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RIGA - Latvia’s third quarter economic output was slightly worse than analysts expected, with GDP dropping 19 percent against year earlier figures, according to the Central Statistics Office, reports news agency LETA. Analysts were looking for a contraction of 18.4 percent. Second quarter output fell by 18.7 percent. The Latvian economy is the worst performing in the European Union as consumer spending has slowed along with manufacturing activity.
The country, which had the fastest-growing economy in the EU in 2006, has been hard hit as excessive consumer spending and a speculative property boom turned to bust, exacerbated by the global crisis, reports Bloomberg. A group led by the International Monetary Fund and the European Commission had to step in with a 7.5 billion euro loan package to support the government, which was forced to take over the nation’s second biggest bank, Parex, last year and is facing massive budget deficits as the economic slide continues.
“There are some signs that the precipitous decline of the Baltic economies might be bottoming out,” said Fitch Ratings in a recent report. “However, it is too early to judge [if] a sustainable rebound has started. Nevertheless, there are signs the macroeconomic re-balancing needed to correct the excesses of the boom is taking place.” The GDP drop, year-on-year, was most affected by decreases in retail trade - down by 28.7 percent; transportation and communications - by 18.2 percent; manufacturing - by 17.4 percent; and construction - 36 percent. Third quarter retail sales, however, were down 6.7 percent, compared with the second quarter. Industrial production rose 0.5 percent in the third quarter, compared with the second quarter, on a seasonally adjusted basis.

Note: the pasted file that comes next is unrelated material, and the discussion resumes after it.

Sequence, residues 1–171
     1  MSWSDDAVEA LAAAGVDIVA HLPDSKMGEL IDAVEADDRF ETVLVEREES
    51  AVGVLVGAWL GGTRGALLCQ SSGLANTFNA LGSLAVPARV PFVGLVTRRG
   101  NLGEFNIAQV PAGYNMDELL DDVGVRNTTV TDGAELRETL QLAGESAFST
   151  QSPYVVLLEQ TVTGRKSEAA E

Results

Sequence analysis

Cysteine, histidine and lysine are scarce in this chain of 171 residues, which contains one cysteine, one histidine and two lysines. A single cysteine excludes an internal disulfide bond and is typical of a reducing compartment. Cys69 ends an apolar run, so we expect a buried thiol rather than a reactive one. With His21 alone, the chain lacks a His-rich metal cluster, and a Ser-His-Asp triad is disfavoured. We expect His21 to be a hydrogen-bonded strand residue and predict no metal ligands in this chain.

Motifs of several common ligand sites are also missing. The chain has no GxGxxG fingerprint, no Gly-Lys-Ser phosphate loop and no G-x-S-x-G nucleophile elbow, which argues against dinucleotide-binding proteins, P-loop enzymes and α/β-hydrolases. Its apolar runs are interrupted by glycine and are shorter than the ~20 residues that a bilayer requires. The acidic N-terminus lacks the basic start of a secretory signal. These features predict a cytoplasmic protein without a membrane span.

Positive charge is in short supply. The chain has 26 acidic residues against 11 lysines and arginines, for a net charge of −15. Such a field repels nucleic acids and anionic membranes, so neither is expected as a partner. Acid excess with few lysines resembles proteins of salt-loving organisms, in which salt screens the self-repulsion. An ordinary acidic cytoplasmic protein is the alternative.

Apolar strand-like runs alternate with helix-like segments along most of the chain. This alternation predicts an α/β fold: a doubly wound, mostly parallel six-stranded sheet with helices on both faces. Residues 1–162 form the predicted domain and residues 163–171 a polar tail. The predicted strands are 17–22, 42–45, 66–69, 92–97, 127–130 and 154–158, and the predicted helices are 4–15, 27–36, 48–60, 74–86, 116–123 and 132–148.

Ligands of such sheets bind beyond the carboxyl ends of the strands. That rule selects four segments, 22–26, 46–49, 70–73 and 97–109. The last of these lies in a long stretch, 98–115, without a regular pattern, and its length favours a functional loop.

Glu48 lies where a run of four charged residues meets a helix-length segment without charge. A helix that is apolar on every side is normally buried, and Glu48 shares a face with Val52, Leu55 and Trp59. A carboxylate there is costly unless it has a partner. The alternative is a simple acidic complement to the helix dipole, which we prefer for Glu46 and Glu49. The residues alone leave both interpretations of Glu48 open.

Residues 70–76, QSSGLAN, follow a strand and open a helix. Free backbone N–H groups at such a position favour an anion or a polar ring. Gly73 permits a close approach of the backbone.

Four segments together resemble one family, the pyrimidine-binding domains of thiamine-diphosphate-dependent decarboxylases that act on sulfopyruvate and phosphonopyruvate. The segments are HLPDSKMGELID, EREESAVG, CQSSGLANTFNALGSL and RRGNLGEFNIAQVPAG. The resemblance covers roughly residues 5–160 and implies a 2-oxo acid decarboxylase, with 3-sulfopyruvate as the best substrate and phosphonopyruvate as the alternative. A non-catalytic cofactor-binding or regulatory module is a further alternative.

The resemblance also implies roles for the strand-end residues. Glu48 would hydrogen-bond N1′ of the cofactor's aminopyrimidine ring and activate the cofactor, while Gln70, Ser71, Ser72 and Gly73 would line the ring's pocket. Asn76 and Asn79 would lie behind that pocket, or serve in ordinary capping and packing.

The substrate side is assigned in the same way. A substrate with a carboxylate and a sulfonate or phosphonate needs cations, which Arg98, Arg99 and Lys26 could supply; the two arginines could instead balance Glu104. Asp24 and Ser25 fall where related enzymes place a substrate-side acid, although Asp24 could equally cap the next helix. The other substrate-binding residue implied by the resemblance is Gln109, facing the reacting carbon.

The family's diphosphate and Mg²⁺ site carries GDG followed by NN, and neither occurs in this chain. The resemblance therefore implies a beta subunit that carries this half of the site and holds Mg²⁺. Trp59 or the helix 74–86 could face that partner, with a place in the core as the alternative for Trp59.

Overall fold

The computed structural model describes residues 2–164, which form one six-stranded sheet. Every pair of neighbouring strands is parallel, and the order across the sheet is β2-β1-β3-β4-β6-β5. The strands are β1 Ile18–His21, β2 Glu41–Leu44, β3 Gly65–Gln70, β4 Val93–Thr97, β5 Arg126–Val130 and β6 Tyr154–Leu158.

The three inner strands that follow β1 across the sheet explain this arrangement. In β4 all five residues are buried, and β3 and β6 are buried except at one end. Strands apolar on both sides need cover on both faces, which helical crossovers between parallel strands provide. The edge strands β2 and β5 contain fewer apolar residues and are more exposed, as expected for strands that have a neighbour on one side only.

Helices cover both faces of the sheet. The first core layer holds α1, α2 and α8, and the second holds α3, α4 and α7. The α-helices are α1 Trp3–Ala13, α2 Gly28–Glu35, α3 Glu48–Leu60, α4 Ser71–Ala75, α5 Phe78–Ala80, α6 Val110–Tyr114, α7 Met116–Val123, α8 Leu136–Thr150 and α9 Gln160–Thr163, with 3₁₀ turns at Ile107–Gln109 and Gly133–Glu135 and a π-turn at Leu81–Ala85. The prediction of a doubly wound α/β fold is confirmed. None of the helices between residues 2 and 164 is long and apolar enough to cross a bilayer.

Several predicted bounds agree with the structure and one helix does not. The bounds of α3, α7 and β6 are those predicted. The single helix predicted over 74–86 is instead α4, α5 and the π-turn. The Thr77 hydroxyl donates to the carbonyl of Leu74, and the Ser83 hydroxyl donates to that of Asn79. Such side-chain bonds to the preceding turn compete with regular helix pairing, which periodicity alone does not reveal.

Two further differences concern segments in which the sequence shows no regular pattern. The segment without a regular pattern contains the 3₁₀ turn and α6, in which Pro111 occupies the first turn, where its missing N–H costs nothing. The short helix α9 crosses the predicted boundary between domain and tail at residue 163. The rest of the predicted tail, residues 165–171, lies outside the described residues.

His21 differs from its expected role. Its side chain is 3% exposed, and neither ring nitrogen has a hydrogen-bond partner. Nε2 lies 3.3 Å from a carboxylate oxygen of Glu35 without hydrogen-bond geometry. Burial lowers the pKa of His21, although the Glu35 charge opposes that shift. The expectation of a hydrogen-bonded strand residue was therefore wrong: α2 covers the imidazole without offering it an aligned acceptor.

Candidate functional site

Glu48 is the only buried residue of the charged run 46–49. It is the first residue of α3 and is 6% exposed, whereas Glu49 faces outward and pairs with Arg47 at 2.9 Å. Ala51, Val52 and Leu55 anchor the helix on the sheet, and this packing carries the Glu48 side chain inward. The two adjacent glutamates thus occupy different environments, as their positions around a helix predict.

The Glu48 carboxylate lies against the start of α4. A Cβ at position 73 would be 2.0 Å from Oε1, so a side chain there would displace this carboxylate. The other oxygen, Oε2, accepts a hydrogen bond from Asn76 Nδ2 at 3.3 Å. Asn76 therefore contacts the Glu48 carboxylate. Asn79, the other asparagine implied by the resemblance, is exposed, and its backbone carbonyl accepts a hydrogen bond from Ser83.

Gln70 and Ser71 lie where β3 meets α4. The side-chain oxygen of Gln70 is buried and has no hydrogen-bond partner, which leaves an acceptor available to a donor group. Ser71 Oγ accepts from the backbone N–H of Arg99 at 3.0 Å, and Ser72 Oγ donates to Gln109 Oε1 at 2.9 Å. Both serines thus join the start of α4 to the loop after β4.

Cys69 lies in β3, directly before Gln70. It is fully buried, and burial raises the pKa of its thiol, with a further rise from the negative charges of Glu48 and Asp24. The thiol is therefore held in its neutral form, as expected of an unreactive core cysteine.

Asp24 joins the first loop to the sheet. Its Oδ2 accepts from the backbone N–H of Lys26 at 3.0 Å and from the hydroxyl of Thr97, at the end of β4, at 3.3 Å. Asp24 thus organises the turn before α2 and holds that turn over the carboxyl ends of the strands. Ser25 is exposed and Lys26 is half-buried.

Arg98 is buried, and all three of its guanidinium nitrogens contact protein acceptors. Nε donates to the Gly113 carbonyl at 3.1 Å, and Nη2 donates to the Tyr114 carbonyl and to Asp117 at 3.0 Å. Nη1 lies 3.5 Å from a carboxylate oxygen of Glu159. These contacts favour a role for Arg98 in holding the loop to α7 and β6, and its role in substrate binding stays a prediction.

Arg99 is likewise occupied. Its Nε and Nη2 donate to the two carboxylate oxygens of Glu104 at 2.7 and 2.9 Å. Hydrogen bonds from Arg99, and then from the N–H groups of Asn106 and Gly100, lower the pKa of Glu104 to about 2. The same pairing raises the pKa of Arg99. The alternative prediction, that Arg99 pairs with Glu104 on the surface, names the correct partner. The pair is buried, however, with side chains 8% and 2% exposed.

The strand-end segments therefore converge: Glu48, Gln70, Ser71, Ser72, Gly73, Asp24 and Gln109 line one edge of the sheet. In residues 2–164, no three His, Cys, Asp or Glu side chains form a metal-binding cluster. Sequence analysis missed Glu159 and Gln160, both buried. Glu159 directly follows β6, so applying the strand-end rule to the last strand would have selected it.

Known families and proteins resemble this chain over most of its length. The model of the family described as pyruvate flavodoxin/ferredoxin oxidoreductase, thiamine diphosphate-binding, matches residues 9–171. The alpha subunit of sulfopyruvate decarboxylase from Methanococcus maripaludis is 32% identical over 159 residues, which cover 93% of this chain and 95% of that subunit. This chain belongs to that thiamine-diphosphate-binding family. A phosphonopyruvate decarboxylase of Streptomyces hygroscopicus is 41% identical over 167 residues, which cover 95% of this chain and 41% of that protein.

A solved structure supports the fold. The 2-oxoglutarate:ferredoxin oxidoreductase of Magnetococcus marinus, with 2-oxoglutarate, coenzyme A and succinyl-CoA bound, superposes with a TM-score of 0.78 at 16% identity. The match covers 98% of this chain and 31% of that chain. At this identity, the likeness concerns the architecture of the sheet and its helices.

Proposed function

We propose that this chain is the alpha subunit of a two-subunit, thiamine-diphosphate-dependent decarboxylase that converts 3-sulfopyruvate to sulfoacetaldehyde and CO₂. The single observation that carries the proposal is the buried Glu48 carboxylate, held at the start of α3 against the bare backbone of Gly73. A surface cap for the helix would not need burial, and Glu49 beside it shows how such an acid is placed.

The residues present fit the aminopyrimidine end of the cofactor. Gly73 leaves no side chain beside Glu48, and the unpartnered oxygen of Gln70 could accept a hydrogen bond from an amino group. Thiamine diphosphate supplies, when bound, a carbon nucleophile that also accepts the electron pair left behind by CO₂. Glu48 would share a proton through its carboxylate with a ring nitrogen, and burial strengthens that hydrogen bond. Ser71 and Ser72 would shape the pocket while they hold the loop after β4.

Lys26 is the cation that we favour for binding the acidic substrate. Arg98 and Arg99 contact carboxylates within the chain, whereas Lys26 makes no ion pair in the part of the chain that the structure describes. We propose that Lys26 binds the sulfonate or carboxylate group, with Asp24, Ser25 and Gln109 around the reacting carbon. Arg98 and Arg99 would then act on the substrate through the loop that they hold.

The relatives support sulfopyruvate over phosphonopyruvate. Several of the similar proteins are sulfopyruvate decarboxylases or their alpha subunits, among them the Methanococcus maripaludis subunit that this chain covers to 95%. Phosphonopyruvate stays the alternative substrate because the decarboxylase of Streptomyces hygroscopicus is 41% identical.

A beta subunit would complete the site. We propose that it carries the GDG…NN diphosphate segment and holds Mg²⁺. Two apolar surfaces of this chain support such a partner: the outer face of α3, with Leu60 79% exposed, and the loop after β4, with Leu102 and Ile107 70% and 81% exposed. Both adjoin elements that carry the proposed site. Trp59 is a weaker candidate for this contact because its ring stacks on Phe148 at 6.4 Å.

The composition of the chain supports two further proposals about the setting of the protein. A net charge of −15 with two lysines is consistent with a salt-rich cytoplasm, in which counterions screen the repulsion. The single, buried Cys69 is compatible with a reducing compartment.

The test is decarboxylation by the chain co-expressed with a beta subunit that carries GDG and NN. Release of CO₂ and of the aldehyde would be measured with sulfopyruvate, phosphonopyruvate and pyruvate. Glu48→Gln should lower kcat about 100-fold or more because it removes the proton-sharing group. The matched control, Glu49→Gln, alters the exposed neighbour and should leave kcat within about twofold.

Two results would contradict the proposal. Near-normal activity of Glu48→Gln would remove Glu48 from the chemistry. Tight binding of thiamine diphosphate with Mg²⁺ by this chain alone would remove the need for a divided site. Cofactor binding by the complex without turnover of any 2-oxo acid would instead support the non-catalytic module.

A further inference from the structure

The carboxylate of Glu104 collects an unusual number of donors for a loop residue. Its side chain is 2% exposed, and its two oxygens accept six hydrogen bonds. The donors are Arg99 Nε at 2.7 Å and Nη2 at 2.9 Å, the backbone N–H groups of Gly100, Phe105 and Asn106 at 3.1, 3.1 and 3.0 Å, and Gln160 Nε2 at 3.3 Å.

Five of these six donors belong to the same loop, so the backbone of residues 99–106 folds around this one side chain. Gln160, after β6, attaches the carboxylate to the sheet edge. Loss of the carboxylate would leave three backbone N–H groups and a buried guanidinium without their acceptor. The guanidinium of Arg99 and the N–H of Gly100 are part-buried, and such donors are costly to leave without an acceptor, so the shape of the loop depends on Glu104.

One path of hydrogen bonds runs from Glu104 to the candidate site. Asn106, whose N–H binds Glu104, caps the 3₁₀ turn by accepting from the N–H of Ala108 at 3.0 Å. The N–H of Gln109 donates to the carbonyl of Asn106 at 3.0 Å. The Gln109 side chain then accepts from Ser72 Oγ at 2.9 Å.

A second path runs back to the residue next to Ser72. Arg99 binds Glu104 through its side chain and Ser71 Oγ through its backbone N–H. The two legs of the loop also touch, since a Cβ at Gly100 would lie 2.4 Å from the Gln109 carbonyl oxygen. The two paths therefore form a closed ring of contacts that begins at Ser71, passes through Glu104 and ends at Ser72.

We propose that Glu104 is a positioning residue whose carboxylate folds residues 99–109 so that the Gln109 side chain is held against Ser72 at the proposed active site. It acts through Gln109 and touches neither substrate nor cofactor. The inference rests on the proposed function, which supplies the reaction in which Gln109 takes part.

Analysts say that Latvia’s economic weakness threatens to slow a banking recovery in Sweden, where Swedbank and SEB remain the two biggest lenders in the Baltic region. Swedbank on Oct. 20 said it suffered a 3.3 billion kronor (320 million euro) net loss in the third quarter, after loan losses rose to 6.1 billion kronor. Swedbank’s Baltic gross impaired loans made up 71 percent of its total at the end of September, says its interim report. The economies of the three Baltic states however are shrinking at a slower pace, on a quarterly basis. Lithuania reported 6.1 percent growth in the third quarter compared with the previous quarter. The Latvian economy, which has shrunk for six consecutive quarters, is expected to start growing in the second half of 2010, say central bank estimates.